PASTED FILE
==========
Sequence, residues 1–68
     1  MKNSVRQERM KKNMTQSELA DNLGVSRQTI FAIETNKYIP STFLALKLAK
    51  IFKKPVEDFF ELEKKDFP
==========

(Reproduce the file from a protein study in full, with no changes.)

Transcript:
Sequence, residues 1–68
     1  MKNSVRQERM KKNMTQSELA DNLGVSRQTI FAIETNKYIP STFLALKLAK
    51  IFKKPVEDFF ELEKKDFP